Where will we put our beers?

Beer coasters have long been essential to a well-kept bar. But with their leading manufacturer bankrupt, we may no longer have a place to rest our brews.

Published April 25, 2009 10:24AM (EDT)

For most of us, beer coasters are just an insignificant piece of cardboard tucked under our glass of ale. But some have elevated the disposable coaster, which is a common sight in pubs in Europe and North America, to a lofty status, considering it an artwork, a collector's item, building material -- or even a piece of sporting equipment.

The record for beer-coaster throwing stands at 125.5 feet, while the highest beer-coaster tower, created from more than 40,000 coasters, stood proud at 9.70 meters. Leo Pisker, an Austrian, has an extensive collection of some 150,000 beer coasters from around the world.

But now the economic crisis is threatening the beer coaster -- and unnerving its fans. The world's biggest beer coaster company, Katz Group, has declared itself bankrupt. Tucked away in Weisenbach in the Southwest of Germany, Katz Group, which was founded as a sawmill in 1716, had been in the beer coaster business since 1903. Katz International Coasters controlled around two-thirds of the European market and 97 percent of the U.S. market.

Worried beer coaster fans are asking themselves what the future holds. Over the decades, a whole scene has built up around the cardboard coasters. Some collectors travel to buy, exchange and admire at swap meets. Others flaunt their collections on the Internet.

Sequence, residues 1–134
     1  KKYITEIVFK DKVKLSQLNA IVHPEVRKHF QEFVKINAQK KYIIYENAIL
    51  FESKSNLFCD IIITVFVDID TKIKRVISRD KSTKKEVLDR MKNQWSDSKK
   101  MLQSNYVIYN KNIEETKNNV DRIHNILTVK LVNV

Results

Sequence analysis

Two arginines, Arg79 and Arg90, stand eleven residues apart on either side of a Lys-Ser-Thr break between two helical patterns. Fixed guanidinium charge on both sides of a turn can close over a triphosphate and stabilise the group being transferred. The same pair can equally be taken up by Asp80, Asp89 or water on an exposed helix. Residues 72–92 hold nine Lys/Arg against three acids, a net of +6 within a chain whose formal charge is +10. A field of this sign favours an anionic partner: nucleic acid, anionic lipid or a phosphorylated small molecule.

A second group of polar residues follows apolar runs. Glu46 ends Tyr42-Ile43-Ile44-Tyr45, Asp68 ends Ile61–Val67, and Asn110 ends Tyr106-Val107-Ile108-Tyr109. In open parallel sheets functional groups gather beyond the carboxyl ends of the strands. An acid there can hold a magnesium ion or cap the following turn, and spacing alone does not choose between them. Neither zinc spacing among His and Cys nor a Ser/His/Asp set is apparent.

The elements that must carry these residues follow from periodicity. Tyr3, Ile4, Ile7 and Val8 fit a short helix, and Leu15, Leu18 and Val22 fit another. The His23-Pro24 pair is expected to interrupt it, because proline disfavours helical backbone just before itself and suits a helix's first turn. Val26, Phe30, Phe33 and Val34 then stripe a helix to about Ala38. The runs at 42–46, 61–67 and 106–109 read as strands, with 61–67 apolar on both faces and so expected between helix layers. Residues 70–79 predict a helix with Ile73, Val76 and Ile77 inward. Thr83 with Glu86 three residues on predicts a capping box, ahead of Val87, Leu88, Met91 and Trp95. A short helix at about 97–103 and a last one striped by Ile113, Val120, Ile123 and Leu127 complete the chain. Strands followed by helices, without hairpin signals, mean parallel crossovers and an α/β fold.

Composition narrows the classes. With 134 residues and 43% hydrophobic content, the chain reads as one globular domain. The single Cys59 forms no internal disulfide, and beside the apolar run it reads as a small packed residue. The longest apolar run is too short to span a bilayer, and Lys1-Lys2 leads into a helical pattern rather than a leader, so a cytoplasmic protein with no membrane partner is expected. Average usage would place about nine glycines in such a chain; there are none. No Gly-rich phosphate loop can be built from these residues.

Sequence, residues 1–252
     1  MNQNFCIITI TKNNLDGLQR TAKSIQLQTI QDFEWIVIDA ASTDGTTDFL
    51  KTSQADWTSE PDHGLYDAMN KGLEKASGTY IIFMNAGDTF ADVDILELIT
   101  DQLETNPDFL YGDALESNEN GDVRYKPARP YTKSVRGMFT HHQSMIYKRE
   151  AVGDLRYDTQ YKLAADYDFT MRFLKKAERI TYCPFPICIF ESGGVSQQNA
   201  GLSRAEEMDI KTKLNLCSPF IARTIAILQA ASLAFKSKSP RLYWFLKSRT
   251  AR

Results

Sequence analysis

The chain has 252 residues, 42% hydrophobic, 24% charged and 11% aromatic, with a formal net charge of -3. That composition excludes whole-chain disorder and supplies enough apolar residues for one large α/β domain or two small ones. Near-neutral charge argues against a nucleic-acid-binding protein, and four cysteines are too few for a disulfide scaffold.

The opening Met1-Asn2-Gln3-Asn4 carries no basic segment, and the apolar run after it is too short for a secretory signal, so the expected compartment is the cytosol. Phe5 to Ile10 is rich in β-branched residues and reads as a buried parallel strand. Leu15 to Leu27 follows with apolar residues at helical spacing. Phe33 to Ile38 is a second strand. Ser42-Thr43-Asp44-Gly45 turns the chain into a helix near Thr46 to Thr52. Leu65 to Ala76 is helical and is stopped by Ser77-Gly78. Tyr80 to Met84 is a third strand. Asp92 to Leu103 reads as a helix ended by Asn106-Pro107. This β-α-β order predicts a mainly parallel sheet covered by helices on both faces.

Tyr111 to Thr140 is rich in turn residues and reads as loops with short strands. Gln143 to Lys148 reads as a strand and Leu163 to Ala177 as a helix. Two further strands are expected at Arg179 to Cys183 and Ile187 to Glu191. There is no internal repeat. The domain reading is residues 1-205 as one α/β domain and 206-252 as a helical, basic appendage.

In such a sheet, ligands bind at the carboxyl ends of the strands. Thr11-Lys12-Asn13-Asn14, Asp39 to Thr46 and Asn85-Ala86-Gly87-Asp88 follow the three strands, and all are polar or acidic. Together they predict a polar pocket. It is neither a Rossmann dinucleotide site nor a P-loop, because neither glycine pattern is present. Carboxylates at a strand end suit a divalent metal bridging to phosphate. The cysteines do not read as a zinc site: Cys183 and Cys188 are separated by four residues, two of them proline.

And despite its small surface area, the beer coaster has been daubed with everything from political messages to adverts to saucy slogans. "A girl and a little glass of beer cures all woes," reads one, which features a beer mug-toting girl.

The cardboard beer coaster made its debut back in 1880. Friedrich Horn, a German printing and board mill company, created small cardboard mats and printed messages on them. Before long, its simple invention had become a firm fixture under beer glasses across the country. Bar keepers liked them as they protected their tables, didn't need washing and didn't cost them anything -- advertisers footed the bill in a bid to reach new customers.

But times have changed. Beer consumption is on the wane and demand for beer coasters is also weaker -- so weak, in fact, that the market leader has gone bankrupt.

However, it is hard to imagine that the writing is on the wall for the paper coasters yet. After all, the humble products have kept bars and tables clean for years -- not to mention the special place they occupy in the hearts of aficionados.

This article originally appeared in Spiegel Online.

By Der Spiegel staff

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Beer Germany Great Recession U.s. Economy